May 20, 2021
A baby plant resets its genome, erasing the changes that its parents accumulated. CSHL scientists found how the plant adds back a few necessary ones.
Daniela Conte Foundation donates $30K for sarcoma research
May 20, 2021
The Daniela Conte Foundation donated $30,000 to support CSHL Professor Chris Vakoc’s lab’s sarcoma research.
Making AI algorithms show their work
May 13, 2021
AI machines are often better than humans at discerning patterns. CSHL researchers developed a way to find out why.
DNA replication: A game of precision
April 25, 2021
A highly choreographed complex of molecules is vital to starting and synchronizing DNA replication during cell division.
CSHL alumna donates her Nobel-Prize winning lab notebooks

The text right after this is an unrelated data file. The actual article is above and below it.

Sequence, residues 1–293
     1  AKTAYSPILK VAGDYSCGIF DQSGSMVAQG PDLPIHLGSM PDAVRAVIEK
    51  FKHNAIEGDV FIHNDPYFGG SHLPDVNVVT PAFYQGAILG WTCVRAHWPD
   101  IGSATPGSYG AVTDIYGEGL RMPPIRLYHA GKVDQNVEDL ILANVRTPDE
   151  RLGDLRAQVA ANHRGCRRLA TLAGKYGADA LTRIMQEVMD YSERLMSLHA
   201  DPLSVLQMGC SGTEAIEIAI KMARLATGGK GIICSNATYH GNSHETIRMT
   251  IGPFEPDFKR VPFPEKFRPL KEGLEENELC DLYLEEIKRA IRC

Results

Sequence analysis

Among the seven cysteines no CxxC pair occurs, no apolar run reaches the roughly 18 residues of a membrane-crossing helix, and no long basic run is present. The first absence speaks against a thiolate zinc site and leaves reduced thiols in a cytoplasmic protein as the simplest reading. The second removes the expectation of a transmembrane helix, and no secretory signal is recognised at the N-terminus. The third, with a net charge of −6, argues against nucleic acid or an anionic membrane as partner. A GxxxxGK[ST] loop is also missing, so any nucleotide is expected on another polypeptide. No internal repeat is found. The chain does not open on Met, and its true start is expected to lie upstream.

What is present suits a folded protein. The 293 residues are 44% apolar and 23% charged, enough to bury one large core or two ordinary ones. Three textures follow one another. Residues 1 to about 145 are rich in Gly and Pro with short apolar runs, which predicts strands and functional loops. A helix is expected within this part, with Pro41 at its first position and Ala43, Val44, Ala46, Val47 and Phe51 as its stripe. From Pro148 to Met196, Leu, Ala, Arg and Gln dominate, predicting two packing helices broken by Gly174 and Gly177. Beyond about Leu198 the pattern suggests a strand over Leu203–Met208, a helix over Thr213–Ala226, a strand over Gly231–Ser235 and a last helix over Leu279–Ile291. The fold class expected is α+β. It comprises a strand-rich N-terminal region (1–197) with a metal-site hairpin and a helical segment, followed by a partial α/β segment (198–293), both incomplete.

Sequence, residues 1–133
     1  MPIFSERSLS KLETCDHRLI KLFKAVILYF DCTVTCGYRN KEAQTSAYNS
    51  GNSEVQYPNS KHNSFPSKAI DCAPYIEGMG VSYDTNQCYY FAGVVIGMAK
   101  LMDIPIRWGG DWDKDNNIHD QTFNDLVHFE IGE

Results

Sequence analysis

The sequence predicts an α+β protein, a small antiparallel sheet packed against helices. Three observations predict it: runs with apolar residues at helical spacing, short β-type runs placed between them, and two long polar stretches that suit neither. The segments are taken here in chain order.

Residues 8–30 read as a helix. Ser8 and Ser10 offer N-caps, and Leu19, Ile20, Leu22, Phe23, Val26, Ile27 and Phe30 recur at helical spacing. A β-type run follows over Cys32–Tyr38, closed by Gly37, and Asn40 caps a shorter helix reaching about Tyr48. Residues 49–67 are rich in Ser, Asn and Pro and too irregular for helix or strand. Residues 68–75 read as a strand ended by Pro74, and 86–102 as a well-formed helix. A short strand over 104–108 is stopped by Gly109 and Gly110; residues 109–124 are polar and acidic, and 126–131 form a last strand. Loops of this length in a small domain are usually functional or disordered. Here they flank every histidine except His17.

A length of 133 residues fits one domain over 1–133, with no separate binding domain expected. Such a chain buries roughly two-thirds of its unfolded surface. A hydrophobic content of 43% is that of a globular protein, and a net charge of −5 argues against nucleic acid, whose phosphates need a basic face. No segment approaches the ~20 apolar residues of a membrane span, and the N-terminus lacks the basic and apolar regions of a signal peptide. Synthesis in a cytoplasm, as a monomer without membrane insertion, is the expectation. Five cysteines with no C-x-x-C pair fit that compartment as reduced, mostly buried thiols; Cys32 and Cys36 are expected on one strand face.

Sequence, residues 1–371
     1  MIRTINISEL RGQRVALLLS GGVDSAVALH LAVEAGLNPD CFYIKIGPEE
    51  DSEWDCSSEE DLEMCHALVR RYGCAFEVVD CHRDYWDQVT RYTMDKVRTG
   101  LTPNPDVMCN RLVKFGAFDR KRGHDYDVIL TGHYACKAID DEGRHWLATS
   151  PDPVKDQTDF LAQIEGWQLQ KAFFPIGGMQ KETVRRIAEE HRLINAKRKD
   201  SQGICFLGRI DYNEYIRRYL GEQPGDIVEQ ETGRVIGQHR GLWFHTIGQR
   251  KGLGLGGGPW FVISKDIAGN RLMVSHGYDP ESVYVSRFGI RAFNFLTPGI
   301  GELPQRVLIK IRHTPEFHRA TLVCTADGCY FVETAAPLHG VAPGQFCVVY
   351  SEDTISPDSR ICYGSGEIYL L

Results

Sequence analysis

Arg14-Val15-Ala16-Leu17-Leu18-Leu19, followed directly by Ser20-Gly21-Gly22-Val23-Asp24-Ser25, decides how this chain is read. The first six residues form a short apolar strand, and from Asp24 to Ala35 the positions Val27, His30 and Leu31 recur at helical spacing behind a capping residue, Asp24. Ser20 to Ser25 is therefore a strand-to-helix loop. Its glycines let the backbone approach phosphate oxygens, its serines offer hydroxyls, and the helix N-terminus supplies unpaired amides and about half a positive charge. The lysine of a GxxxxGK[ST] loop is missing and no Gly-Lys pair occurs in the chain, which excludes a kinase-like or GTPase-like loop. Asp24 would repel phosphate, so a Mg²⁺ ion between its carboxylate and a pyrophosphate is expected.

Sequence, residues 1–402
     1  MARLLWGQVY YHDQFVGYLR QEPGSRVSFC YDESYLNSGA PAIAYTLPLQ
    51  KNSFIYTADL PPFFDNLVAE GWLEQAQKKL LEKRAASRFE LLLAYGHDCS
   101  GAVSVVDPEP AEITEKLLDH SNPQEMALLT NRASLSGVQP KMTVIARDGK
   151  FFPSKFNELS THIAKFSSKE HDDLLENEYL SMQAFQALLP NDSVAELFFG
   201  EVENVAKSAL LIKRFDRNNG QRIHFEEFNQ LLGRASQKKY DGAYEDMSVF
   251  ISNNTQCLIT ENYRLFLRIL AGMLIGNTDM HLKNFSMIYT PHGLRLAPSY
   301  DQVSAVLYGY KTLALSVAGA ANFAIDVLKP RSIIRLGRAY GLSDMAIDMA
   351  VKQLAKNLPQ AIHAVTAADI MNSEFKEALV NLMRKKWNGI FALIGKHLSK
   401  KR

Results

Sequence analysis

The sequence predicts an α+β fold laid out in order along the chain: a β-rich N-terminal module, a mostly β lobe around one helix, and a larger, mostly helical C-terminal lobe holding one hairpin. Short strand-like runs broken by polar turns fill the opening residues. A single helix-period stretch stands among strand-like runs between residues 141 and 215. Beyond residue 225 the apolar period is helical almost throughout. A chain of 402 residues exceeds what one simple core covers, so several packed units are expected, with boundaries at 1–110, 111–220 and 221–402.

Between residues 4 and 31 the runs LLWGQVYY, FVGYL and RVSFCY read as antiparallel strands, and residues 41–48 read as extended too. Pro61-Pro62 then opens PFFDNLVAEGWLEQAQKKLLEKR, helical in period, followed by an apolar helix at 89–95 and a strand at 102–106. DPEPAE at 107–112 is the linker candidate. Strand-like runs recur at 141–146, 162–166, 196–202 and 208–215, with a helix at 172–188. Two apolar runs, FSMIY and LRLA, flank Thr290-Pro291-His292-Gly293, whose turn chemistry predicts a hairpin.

April 13, 2021
A new CSHL digital archive chronicles the Nobel Prize-winning work of Carol Greider.
LIVE At the Lab: Adenovirus – A look back at early CSHL research
April 9, 2021
President and CEO Bruce Stillman and Dean of Academic Affairs Terri Grodzicker discuss their adenovirus research in the 1980s.
How to tame a restless genome
April 8, 2021
CSHL researchers found a mechanism to keep otherwise mobile genetic elements in place in the genome.
How human cells coordinate the start of DNA replication
March 23, 2021
Researchers discover how human cells regulate DNA replication, an important part of cell division, in time and space.
Krainer wins 2021 Wolf Prize in Medicine
February 17, 2021
CSHL Professor Adrian Krainer was awarded the 2021 Wolf Prize in Medicine for his work on RNA splicing.
AI researchers ask: What’s going on inside the black box?
February 8, 2021
Although researchers have figured out how to train computers to recognize things, they have yet to understand how machines make those predictions.
How to bury carbon? Let plants do the dirty work.
February 5, 2021
Carbon sequestration could slow or reverse human emissions—and nothing is better at sequestration than a green plant.